College Funding Tips from
While deciding on the best way to save for college depends on your family’s unique situation, for many, the 529 plan offers the most flexibility and tax advantages:
- Account balances may be used for college tuition, room, board, fees, books, supplies and computers. Graduate school and vocational school expenses are also eligible.
- Up to $10,000 per year may be used for grades K-12 tuition.
- Account owners may change beneficiaries. For example, funds that aren’t used by one child may be applied to another child or extended family member.
- Large variety of investment choices including age-based portfolios that become more conservative over time.
- Balance grows tax-free, and no tax is due on distributions as long as the funds are used for qualified education expenses.
- Special provision that allows individuals to “frontload” 5 years of gifts, or up to $75,000 per beneficiary in 2019, and have the entire amount eligible for the annual gift tax exclusion. (Confer with your tax advisor if this technique is used; a federal gift tax return must be filed if more than $15,000 is given in one calendar year.)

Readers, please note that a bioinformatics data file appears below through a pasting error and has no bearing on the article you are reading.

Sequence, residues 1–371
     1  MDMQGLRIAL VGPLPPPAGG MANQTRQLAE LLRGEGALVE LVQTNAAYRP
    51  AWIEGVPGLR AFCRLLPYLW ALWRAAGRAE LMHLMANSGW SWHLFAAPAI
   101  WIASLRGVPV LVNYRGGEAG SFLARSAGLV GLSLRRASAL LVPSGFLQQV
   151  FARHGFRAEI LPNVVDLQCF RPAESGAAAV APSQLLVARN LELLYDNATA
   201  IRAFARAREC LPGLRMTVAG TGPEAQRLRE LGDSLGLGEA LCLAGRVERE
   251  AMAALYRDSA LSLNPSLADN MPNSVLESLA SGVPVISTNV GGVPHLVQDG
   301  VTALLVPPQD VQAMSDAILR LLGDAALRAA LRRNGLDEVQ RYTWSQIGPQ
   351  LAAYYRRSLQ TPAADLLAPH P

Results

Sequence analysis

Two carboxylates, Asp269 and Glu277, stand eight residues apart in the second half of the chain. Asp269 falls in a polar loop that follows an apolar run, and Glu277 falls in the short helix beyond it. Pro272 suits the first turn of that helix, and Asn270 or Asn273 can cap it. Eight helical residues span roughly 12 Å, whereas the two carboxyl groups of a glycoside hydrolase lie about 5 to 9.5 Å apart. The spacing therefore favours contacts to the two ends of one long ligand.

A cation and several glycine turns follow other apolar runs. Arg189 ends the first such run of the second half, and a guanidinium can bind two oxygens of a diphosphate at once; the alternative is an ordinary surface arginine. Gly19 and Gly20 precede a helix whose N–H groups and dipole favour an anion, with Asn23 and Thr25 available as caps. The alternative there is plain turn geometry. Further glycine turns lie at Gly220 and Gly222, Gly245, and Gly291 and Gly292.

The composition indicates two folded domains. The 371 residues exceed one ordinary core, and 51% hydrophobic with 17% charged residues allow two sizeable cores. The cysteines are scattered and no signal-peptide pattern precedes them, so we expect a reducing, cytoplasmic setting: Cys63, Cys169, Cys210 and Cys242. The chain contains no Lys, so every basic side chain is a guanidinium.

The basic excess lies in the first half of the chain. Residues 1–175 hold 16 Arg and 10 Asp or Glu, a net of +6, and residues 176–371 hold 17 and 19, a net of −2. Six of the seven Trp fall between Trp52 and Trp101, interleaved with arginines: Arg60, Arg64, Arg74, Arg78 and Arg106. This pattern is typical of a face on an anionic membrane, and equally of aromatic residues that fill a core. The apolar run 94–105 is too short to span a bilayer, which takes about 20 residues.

- Not included in account holder’s estate (as long as the 5-year period has passed for any frontloaded contributions).
- Depending on your state, the contribution amount may be fully or partially deductible for state income tax purposes.
- Parent-owned accounts receive favorable treatment for the federal financial aid asset calculation (only 5.64% of value is counted), and withdrawals are not included in income when calculating the expected family contribution. (Rules are different for grandparent accounts.)
- Any withdrawals that are not for qualified educational expenses are subject to income tax and a 10% penalty.
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